NCPA - National Center for Policy Analysis


March 6, 2007

Recently, government agencies -- in their belief that doctors cannot heed safety warnings -- have hatched rules that dictate when treatments should be delivered and even how they can be administered -- especially when it comes to new drugs, says Scott Gottlieb, resident fellow at the American Enterprise Institute.

The result is increasing federal regulation of medical practice that constrains health care providers and limits the choices patients have.  Under the latest proposal, offered by Edward Kennedy (D., Mass.) and Michael Enzi (R., Wyo.):

  • The Food and Drug Administration's (FDA) ability to restrict which physicians can prescribe a medicine and which pharmacies can dispense it, would be increased through risk-management plans that would accompany the approval of many new drugs.
  • These "RiskMAPs," as they are called, already guide the use of about 30 marketed drugs as part of "voluntary" arrangements with drug companies.

Reflecting this pervasive mistrust of medical practitioners, others are jumping in, says Gottlieb:

  • Medicare is increasingly tying payments to the choices doctors make, compensating doctors more to follow certain cookie-cutter treatments or practice guidelines that are promoted by the agency because they are believed by government experts to maximize benefits or reduce health-care costs.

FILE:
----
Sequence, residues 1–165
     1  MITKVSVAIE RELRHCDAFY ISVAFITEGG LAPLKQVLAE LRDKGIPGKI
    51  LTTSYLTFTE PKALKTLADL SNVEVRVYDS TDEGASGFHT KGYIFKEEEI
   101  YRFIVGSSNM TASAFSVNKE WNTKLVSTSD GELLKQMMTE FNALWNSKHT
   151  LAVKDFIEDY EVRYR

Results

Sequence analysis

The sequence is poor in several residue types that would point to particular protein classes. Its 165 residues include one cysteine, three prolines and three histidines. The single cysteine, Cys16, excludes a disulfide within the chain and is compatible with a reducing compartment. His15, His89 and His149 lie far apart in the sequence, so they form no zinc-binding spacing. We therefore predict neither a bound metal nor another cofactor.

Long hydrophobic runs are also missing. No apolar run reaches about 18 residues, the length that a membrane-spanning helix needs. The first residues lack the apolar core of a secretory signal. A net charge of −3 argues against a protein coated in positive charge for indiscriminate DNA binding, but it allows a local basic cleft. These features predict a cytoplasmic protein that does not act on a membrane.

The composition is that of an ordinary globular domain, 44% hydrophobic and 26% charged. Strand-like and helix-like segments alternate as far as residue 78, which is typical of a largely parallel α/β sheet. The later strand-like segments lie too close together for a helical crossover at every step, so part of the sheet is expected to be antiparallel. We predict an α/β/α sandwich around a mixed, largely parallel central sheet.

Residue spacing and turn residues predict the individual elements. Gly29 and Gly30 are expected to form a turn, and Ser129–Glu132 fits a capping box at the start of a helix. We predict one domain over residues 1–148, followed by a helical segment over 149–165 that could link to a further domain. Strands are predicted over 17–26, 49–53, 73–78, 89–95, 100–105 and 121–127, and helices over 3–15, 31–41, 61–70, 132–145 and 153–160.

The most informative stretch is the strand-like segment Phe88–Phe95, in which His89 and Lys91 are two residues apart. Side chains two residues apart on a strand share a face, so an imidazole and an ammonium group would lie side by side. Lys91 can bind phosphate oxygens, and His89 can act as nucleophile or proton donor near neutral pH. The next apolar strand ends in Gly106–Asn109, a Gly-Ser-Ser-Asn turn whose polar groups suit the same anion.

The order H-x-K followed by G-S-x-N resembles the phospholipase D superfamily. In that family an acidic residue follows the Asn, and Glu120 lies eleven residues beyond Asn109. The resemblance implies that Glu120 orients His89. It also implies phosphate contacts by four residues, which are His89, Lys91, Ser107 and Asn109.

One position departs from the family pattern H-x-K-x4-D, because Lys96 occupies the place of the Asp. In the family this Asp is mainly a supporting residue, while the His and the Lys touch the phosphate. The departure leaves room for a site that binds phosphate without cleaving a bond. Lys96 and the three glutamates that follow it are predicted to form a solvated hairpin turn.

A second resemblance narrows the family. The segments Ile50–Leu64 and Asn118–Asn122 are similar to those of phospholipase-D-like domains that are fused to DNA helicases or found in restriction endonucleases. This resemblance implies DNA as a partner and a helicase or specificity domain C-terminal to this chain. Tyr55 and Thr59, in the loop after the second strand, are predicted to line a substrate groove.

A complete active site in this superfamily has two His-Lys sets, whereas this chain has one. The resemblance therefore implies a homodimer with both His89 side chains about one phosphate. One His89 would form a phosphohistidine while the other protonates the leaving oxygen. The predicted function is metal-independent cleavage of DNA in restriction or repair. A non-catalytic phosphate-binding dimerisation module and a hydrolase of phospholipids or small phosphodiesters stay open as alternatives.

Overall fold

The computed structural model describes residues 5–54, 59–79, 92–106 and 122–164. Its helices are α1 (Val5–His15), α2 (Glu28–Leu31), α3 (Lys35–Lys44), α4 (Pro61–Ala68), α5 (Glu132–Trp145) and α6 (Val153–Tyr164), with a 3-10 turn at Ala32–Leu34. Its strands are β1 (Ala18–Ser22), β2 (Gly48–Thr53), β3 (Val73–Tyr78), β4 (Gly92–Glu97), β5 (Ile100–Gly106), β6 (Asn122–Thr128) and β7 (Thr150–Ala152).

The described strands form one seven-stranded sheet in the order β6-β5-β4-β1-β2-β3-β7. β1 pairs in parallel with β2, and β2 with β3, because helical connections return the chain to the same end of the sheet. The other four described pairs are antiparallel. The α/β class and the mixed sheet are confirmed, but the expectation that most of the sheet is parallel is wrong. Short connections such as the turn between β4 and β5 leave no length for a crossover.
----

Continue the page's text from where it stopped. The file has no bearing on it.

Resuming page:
• The Drug Enforcement Administration is seeking legislative authority that would give it a role in limiting the approvals of new pain products -- even though the agency has no ability to appreciate the public health considerations that create a medical need for better drugs.

All of these approaches harm patients because they impose one-size prescriptions in an area of science that is marked by variation.  Furthermore, parameters on the prescription of new drugs create obstacles for patients who already face significant problems getting access to the latest drugs or the specialists who are ordained by FDA's RiskMAPs to prescribe them, says Gottlieb.

Source: Scott Gottlieb, "Prescription for Trouble," Wall Street Journal, March 6, 2007.

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